Same-sex weddings on Navy bases under review
By David Alexander
WASHINGTON (Reuters) - Military lawyers are reviewing whether to permit same-sex marriages on Navy bases -- and allowing chaplains to officiate -- once a ban on gays serving openly in the armed forces is lifted, a Pentagon spokesman said on Wednesday.
The review comes after Rear Admiral M.L. Tidd, the chief Navy chaplain, on Tuesday abruptly suspended a memorandum he issued last month that would have eventually opened the door to same sex weddings or civil unions on Navy bases in states where it is legal.
The memo prompted a letter to Navy Secretary Ray Mabus from 63 Republican congressmen who questioned whether it would violate a 1996 federal law -- the Defense of Marriage Act -- which defines "marriage" as a legal union between one man and one woman.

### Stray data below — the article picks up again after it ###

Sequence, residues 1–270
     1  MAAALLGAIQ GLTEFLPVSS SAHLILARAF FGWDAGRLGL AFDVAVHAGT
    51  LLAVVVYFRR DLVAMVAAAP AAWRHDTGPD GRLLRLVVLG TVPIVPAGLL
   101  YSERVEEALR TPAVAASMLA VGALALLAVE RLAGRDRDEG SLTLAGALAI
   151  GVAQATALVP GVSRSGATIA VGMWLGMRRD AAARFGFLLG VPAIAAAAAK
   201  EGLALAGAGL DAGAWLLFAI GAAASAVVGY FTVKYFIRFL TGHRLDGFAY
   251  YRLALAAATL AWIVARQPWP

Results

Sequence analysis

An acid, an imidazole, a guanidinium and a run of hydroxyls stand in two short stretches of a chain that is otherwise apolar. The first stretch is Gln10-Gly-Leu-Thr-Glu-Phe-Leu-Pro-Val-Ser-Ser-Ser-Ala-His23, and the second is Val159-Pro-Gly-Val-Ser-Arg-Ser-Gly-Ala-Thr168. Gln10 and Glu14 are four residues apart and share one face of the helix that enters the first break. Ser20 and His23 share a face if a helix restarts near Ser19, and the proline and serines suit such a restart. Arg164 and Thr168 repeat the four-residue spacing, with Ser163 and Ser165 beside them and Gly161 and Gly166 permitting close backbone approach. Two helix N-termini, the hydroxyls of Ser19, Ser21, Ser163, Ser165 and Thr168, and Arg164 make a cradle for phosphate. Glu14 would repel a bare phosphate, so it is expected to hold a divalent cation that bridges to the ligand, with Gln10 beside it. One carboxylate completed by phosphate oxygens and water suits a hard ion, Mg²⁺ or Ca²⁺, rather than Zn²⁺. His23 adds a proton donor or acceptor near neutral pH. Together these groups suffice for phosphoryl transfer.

"Offering up federal facilities and federal employees for same-sex marriages violates DOMA, which is still the law of the land and binds our military, including chaplains," the letter said.
"The administration and various states may be operating as if DOMA doesn't exist, but the Navy and Marine Corps and all the armed services are sworn to obey the law, which this new instruction violates," it said.
Col. David Lapan, a Pentagon spokesman, said news coverage of Tidd's memo and the subsequent letter from Republican lawmakers had prompted a discussion between Defense Department and Navy attorneys that led to a decision to review the issue.
"That memo itself raised questions about policy and legal implications that require further review," Lapan said. "So that's why the memo was suspended, until that review can be conducted."
It was unclear how the Navy review would affect the Army and other branches of the U.S. armed services. Continued...